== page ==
You won’t find a digital camera in most bike mechanics’ tool kits, but maybe it ought to be there. This is especially true if the mechanics in question have a little trouble seeing things close up. My misadventure with sweat-etched bar-end shifters really brought this point home. Even with the help of my reading glasses, I couldn’t see the extent of the corrosion. In fact, I didn’t realize that what I saw was corrosion until I brought a 10-power hand lens to bear. But it was only when I turned to my camera that I got a really good look at the problem. And there was an unexpected bonus: My digital photos were easy to share round, which helped me get some badly needed advice from more experienced mechanics.
A digital camera also makes it easy to document complex procedures like swapping handlebars. Then, once the job is done, I have a permanent reference. So the next time I have to tackle the same chore, I won’t have to struggle to remember how I did it. (I won’t repeat any earlier mistakes, either!) The EXIF data embedded in each image is useful, too. It tells me how much time has passed since the repair or modification. And by comparing the time stamp on the first and last photo, I can also tell how much time it took to do the procedure.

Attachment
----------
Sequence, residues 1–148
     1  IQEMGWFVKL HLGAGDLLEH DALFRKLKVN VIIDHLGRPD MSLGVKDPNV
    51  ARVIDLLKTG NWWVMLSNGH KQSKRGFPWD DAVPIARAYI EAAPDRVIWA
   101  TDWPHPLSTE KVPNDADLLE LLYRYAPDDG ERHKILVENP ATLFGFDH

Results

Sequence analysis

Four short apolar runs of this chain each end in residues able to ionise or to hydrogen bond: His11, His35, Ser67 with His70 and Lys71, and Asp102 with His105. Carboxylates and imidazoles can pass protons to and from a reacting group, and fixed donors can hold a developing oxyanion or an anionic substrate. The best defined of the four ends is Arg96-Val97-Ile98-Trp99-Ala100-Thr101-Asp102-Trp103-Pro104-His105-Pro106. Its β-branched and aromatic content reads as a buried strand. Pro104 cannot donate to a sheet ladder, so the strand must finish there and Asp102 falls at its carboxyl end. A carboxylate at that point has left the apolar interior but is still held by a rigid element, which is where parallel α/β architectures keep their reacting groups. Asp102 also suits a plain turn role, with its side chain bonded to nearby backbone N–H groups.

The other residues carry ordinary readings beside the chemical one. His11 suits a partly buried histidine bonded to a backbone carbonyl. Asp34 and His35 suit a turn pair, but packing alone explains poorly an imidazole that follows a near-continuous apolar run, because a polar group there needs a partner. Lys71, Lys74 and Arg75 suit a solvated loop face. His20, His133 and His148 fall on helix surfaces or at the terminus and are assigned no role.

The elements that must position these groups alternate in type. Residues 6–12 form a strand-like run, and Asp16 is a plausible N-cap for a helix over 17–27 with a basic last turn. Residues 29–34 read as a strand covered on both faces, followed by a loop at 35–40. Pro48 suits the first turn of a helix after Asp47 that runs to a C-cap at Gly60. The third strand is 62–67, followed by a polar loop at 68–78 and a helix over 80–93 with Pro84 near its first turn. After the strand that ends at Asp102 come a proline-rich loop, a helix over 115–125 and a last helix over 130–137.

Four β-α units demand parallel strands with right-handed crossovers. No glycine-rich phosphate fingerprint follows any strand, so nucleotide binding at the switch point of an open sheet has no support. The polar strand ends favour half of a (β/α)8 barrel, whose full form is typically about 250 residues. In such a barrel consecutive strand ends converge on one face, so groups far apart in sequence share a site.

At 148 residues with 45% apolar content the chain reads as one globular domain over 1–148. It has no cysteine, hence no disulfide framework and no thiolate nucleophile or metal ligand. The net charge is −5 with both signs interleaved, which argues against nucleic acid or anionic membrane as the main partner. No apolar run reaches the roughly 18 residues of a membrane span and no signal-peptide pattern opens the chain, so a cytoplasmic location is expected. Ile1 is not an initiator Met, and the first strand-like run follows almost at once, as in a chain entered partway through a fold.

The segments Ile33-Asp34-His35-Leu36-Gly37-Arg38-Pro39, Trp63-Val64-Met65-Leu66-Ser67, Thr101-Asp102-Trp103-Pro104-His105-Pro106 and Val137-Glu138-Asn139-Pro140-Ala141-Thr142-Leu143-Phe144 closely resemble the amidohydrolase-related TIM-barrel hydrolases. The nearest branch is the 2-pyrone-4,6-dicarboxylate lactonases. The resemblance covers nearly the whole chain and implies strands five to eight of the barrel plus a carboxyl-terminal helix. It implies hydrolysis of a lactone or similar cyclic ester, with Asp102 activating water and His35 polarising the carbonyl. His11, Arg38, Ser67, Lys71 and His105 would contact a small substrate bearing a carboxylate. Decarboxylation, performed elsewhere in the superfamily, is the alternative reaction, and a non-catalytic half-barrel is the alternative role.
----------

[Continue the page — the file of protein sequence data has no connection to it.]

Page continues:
Pretty neat, don’t you think? But there’s more. I collect my shop photos in an indexed file on my computer. The result? Over the years I’ve built up a fairly comprehensive album of repair and maintenance procedures, and that album keeps getting better. It’s like having a repair manual written just for me. Which is why a digital camera is now a permanent part of my tool kit.
What about you? Have you been wishing that someone would write a better manual for your bike? If so, why not make your own? It’s easier than you might think. Just point and shoot and save. The camera and your computer will do the rest. After all, a picture is worth a thousand words, isn’t it?